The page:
Pedagogy Design and Computers page 2


Making Sense of Chaos:
The End of the 19th Century

Near the end of the nineteenth century, all design was in a chaotic state. As constraints were eliminated by advancement in machines and processes, few restraints were imposed. Victorian values were a mix of eclectic sources. The nineteenth century was a period of exploration, archaeology and colonization by Europeans. Contact with foreign and ancient cultures resulted in an exotic array of diverse imagery integrated into the design repertory of the day. Traditional standards for value such as hand-formed embellishment by artisans were still popular. During the nineteenth century, the same decorative effects could be done by machines. Intricate relief was stamped in a second, and artificial gems substituted for real ones. John Ruskin was to say of Victorian design that “…it was done without the labor that gave it honor.”

Near the end of the nineteenth century, design chaos was finally acknowledged as such, and reaction began to build. The counter action was led by various individuals and groups loosely identified as the Arts and Crafts Movement.

The revivalists, with William Morris as their principal exponent, believed that printing should return to the age of decadence for its means and values. The Kelmscott Press was established within this context. Paper and ink were handmade, type and decorative styles were based on those of the middle ages, and printing was done on a hand-press.

Another group felt that values had declined because of urban decadence, and that true values resided with peasants and were to be found in simple country life. To regain morality, it was necessary to return to basic life styles and values. Folk art, home crafts and rustic architecture illustrated their philosophy. Others believed that the source for all design was nature. Design was an interpretation and extension of nature. It was believed that the principles for design grew out of natural laws and that imagery should mirror nature.

Yet another group believed that design should incorporate and reflect new technologies, materials and the industrial age. Key elements of their philosophy were integrity of materials and substituting function for embellishment in design. These principles became central to the philosophy of the Bauhaus. During the latter years of the nineteenth and early years of the twentieth century, there was a growing understanding for the need of restraints to establish order in design. A number of books were published promoting different philosophies of design. Most books offered visual principles best described as recipes for design. In one form or another, facets from several movements were incorporated into the Bauhaus which emerged as the dominant voice for architecture and design in the twentieth century. It was the Bauhaus that firmly established restraint as essential to the quality of design by making the distinction between function and embellishment.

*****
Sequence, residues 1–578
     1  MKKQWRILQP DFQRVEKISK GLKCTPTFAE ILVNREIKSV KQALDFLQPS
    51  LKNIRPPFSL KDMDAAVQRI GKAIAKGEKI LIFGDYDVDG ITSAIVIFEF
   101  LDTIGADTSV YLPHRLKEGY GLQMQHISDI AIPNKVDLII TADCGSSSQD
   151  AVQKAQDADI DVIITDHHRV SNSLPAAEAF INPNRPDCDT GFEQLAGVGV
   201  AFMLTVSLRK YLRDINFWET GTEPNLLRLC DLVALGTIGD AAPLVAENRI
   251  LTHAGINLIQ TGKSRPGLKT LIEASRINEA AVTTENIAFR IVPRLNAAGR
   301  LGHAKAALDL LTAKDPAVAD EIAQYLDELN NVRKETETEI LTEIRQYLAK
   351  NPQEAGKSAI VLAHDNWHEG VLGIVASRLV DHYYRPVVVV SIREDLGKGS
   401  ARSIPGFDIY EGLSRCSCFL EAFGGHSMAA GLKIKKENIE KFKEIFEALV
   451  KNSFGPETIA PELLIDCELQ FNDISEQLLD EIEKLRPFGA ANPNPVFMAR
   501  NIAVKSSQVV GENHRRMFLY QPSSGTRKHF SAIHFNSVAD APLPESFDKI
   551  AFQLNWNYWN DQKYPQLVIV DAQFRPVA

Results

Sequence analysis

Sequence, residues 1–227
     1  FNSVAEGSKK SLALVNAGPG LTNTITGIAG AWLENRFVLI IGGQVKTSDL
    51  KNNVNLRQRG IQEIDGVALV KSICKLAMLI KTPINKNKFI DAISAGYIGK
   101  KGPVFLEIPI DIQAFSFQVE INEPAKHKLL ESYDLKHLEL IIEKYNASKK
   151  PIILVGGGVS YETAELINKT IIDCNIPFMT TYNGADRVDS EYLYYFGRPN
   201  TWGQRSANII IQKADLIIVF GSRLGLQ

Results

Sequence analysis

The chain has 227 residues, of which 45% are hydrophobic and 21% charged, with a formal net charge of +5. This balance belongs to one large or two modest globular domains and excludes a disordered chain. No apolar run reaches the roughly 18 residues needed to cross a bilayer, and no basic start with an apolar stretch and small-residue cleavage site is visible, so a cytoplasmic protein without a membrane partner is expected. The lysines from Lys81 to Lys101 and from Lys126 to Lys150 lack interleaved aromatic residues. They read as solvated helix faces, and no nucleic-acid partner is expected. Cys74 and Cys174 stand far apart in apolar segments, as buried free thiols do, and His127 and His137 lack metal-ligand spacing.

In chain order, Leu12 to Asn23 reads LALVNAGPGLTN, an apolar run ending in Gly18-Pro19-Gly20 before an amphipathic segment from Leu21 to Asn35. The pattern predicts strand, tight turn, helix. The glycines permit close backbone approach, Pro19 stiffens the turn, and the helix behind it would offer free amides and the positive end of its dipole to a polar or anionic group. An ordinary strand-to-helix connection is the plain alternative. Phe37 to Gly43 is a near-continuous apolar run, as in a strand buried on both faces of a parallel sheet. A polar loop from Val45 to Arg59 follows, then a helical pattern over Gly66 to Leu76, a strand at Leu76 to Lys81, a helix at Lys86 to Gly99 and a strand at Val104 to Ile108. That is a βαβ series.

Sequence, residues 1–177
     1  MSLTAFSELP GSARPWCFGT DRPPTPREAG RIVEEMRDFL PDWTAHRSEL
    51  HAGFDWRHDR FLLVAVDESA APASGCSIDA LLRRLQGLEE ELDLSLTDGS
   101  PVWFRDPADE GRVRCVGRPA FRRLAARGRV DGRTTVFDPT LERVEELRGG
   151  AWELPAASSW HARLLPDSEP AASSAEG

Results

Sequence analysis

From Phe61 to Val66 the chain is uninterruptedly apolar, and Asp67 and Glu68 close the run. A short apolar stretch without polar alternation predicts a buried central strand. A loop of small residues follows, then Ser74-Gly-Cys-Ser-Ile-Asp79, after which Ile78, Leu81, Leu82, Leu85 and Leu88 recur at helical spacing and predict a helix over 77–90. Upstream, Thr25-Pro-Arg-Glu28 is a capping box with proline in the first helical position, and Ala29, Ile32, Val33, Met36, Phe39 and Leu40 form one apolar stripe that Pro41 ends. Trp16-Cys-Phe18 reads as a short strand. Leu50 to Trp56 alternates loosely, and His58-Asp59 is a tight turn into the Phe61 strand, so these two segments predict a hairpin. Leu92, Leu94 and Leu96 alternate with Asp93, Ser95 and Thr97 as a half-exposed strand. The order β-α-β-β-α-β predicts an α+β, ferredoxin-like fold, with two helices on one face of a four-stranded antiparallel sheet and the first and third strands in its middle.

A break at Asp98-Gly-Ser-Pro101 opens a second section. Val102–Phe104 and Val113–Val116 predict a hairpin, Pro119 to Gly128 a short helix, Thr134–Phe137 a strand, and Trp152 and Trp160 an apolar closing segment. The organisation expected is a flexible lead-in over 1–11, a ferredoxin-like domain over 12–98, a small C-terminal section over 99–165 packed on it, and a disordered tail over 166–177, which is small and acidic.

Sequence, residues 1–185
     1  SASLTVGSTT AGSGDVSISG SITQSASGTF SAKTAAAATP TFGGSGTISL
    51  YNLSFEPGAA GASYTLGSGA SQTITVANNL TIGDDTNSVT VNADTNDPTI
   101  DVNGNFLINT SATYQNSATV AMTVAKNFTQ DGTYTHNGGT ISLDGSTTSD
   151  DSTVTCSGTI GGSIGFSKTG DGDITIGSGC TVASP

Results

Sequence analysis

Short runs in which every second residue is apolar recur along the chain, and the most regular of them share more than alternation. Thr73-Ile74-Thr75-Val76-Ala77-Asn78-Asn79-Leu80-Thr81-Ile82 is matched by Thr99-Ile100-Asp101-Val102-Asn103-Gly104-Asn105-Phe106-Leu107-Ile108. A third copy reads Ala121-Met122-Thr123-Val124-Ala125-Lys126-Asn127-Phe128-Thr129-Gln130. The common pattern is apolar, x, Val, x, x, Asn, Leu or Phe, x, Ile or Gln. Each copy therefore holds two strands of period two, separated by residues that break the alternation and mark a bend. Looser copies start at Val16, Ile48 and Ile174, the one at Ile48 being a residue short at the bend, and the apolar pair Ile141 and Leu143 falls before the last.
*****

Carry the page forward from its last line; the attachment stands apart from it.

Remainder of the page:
From around 1900 until the 1930s, there were various art movements such as Dada, DeStijl, Futurism, Bauhaus and others experimenting with type, letterform and design. Some individuals represented more than one school at different times, or followed the philosophies of more than one movement at the same time.

A diverse group of painters, poets, printers and typographers used type as visual texture, blocks of type as shape or lines of type to show movement, letterform as shape, and combined them with color. Type and letterform became design elements serving both as image and communication. Traditional use of type had always been supplemental in the sense of being separate but added to image. Graphic artists from the design movements of early twentieth century and their works are to graphic designers what French painters of late nineteenth century are to painters. Most of the precepts of modern graphic design were established during these years by these individuals. Throughout history, the introduction of significant new inventions such as electricity, automobiles, airplanes and computers went through several predictable stages. The first is as a curiosity and its use is restricted to the small group of people who have a technical understanding of its workings. The second stage is as a toy or prestige symbol, and its use is confined mainly to the wealthy who can afford it. The third stage is general acceptance with widespread usage by the population at large.


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